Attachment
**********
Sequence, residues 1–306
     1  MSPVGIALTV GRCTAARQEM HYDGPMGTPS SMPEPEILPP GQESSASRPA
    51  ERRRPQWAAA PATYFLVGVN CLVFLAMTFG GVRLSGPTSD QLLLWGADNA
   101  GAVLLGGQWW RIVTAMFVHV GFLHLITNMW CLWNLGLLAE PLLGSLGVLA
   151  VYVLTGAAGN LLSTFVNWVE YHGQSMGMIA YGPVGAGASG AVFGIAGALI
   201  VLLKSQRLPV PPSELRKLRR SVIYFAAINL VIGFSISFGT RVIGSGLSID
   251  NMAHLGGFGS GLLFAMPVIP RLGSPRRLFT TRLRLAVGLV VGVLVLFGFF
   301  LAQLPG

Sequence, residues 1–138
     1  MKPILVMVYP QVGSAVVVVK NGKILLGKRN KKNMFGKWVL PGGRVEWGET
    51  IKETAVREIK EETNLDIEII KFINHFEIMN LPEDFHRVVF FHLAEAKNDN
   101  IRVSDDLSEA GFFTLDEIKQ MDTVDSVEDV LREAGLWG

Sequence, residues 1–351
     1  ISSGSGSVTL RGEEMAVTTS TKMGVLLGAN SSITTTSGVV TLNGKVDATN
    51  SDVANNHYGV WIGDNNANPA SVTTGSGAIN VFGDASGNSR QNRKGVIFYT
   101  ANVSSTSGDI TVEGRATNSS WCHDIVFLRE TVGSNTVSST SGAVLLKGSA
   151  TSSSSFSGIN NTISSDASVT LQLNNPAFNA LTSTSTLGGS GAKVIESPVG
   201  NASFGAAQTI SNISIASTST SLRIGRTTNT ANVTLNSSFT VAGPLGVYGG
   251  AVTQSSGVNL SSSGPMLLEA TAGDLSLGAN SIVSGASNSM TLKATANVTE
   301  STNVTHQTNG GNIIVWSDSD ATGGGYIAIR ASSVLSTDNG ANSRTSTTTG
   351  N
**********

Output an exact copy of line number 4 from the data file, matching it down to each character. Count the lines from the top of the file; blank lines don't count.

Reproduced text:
   101  GAVLLGGQWW RIVTAMFVHV GFLHLITNMW CLWNLGLLAE PLLGSLGVLA